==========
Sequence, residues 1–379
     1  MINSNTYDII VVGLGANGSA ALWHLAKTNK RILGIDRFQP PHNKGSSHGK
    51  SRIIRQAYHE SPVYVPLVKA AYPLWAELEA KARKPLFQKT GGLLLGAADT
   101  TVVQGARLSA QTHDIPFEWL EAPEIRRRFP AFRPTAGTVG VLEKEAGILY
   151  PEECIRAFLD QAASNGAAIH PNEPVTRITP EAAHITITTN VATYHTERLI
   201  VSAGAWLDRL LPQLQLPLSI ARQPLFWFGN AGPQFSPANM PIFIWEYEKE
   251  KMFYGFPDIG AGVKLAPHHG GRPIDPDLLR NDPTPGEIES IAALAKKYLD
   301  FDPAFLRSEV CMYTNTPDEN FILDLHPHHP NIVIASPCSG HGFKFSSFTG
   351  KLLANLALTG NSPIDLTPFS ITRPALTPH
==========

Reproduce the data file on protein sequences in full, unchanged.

Sequence, residues 1–379
     1  MINSNTYDII VVGLGANGSA ALWHLAKTNK RILGIDRFQP PHNKGSSHGK
    51  SRIIRQAYHE SPVYVPLVKA AYPLWAELEA KARKPLFQKT GGLLLGAADT
   101  TVVQGARLSA QTHDIPFEWL EAPEIRRRFP AFRPTAGTVG VLEKEAGILY
   151  PEECIRAFLD QAASNGAAIH PNEPVTRITP EAAHITITTN VATYHTERLI
   201  VSAGAWLDRL LPQLQLPLSI ARQPLFWFGN AGPQFSPANM PIFIWEYEKE
   251  KMFYGFPDIG AGVKLAPHHG GRPIDPDLLR NDPTPGEIES IAALAKKYLD
   301  FDPAFLRSEV CMYTNTPDEN FILDLHPHHP NIVIASPCSG HGFKFSSFTG
   351  KLLANLALTG NSPIDLTPFS ITRPALTPH